5 Symptoms of Self-Deception That Trap Unsuspecting Leaders
“The ingenuity of self-deception is inexhaustible.” Hannah More
The belief that you never lie to yourself means you’re trapped by self-deception.
Dangers of self-deception:
#1. Self-deception limits potential. Growth depends on self-awareness.
Self-deception is the opposite of self-awareness.
#2. Self-deception weakens relationships. Self-deception justifies itself and attacks others.
“We do not deal much in fact when we are contemplating ourselves.” Mark Twain
5 symptoms of self-deception:
#1. Imposter syndrome.
A successful person who believes they’re lucky, but not also competent is self-deceived. It’s self-deception to selectively choose evidence to prove lies about yourself.
#2. Impulsive reactions.
A person who justifies thoughtless knee-jerk reactions is cloaked in a fog of self-deception.
#3. Lack of concern for others.
Someone who says they don’t care what others think or feel is likely walking in a fog of self-deception.
It takes more strength to open your mind than close it.
#4. Justification of bullying.
If you’re proud of pressuring people against their will, you think self-destructive behaviors are beneficial. That’s self-deception.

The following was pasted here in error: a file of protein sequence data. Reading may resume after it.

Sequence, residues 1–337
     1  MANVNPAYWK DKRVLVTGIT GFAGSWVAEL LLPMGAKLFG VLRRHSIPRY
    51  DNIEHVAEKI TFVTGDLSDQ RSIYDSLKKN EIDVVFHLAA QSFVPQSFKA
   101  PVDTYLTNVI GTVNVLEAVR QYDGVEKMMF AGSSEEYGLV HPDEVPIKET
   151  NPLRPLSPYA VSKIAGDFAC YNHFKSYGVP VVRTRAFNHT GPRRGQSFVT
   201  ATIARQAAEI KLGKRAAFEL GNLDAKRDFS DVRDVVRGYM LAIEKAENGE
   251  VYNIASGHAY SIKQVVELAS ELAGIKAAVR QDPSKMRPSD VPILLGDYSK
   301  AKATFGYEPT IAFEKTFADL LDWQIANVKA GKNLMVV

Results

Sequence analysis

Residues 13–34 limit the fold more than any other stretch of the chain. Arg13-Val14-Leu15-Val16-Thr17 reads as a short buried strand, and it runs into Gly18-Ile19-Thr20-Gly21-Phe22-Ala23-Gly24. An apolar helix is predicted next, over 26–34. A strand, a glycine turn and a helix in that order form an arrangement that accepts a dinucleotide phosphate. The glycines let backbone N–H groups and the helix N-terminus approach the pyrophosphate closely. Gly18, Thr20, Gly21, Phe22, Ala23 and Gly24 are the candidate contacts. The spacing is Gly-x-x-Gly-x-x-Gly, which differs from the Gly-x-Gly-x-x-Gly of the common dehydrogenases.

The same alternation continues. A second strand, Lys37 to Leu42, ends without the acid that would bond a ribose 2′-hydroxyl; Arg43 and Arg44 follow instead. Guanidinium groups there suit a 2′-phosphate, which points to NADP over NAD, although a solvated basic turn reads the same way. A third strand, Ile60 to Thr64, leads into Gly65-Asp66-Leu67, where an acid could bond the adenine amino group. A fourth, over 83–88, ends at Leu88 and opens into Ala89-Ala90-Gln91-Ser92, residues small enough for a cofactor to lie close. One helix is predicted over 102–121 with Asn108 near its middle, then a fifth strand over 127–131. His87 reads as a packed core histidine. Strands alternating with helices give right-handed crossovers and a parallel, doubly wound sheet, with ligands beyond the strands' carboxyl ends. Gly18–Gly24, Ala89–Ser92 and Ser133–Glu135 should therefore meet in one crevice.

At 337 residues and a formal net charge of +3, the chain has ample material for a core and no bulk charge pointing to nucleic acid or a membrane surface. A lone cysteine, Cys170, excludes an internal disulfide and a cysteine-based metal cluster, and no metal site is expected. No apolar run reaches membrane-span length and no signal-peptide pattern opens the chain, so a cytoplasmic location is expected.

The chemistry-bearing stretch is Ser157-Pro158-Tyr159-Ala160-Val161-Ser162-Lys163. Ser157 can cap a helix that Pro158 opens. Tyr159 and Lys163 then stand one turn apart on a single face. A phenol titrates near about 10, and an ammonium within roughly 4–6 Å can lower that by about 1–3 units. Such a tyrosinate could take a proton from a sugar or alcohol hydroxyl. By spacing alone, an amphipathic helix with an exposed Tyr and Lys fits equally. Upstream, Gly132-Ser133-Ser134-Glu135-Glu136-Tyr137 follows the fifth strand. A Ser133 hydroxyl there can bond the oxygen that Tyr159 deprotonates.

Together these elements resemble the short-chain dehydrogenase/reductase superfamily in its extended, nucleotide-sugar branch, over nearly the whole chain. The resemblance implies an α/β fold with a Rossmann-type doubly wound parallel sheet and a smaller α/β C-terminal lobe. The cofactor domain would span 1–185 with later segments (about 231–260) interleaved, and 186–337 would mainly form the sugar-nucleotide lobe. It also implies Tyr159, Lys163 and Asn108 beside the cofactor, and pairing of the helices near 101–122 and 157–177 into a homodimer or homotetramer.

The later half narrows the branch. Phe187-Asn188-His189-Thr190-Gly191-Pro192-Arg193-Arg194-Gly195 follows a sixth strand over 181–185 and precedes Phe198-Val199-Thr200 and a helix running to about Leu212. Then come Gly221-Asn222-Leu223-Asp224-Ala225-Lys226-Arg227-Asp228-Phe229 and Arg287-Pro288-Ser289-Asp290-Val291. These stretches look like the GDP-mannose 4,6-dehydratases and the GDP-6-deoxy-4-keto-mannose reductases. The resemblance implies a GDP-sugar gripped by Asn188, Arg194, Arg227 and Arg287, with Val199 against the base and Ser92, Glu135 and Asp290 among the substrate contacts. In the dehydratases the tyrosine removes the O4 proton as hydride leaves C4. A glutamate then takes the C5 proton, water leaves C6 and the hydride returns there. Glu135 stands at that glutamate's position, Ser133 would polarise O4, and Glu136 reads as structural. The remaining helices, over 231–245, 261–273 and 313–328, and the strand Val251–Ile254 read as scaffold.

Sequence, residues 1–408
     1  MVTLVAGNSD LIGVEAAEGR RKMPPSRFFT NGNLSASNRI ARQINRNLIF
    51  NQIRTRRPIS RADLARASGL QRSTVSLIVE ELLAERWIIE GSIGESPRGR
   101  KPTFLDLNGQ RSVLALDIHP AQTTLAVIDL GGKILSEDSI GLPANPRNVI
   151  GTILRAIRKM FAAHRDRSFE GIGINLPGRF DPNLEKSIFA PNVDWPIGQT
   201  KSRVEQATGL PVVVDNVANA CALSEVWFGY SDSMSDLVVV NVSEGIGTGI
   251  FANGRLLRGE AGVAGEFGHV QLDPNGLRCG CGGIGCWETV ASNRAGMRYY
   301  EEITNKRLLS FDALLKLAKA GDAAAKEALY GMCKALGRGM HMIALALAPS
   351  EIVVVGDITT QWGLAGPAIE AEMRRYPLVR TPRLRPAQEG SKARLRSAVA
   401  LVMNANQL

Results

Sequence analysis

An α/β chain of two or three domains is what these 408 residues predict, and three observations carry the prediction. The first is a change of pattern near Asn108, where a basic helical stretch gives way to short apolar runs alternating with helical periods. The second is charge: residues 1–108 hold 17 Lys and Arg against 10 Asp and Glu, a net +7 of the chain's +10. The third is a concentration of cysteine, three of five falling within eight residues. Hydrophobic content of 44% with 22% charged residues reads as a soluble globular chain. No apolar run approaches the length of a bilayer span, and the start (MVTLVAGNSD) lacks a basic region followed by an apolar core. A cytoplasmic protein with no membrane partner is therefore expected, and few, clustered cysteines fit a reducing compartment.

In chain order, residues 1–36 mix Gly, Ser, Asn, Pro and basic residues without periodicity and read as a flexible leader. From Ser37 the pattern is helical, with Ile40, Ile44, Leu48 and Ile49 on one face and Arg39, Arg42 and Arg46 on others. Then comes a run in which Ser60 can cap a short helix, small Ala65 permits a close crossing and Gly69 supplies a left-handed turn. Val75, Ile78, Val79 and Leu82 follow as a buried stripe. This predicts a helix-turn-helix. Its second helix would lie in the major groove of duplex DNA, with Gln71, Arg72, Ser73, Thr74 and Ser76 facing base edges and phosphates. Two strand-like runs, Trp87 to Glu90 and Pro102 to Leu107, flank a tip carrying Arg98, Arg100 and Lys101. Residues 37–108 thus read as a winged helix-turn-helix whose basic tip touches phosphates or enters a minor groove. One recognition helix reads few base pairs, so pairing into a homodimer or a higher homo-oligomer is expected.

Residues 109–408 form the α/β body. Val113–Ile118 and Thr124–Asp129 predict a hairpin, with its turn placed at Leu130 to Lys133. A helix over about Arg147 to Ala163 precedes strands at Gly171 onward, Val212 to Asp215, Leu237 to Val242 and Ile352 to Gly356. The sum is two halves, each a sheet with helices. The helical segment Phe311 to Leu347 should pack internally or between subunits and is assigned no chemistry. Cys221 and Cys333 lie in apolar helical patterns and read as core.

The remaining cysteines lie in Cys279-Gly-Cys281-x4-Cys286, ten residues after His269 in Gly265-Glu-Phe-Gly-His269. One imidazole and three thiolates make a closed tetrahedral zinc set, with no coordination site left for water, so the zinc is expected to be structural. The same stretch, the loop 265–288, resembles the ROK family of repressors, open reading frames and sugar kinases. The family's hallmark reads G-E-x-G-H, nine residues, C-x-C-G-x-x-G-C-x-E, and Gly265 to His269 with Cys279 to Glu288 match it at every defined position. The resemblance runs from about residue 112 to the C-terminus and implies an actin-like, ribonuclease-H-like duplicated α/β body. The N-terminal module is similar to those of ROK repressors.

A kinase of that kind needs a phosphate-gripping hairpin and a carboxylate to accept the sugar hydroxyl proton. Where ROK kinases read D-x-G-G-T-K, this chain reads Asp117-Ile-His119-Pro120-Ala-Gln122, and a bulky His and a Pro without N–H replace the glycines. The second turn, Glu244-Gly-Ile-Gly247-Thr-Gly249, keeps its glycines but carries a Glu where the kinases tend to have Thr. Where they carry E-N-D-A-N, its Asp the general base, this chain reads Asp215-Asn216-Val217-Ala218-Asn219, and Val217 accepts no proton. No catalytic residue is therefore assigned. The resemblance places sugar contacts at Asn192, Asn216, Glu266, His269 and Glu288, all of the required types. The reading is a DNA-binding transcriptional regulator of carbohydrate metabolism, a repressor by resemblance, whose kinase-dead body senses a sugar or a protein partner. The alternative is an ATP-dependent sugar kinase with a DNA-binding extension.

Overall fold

#5. Everyone is wrong.
When everyone is wrong, you are wrong but can’t see it.
10 ways to look self-deception in the eye:
- Stay open to the possibility that you’re lying to yourself.
- When two or three of your friends see something detrimental in your life, believe them.
- Corrective feedback isn’t always wrong.
- Evaluate yourself by your purpose and values, not resistance, fear, or defensiveness.
- Acknowledge the insight and skill of others.
- When you’re pushing back ask, “How am I making the world better?”
- Set achievable short-term goals. Do something YOU can achieve.
- Say, “I was wrong.” The person who is never wrong is wrong.
- Focus on self-development BEFORE other-development.
- Build relationships with mentors. (See the following video.)
Jenn Lim is CEO and cofounder at Delivering Happiness and author of, “Beyond Happiness: How Authentic Leaders Prioritize Purpose and People for Growth and Impact.” (I recommend you take a look.)
What symptoms of self-deception do you notice?
How might leaders navigate the challenge of self-deception?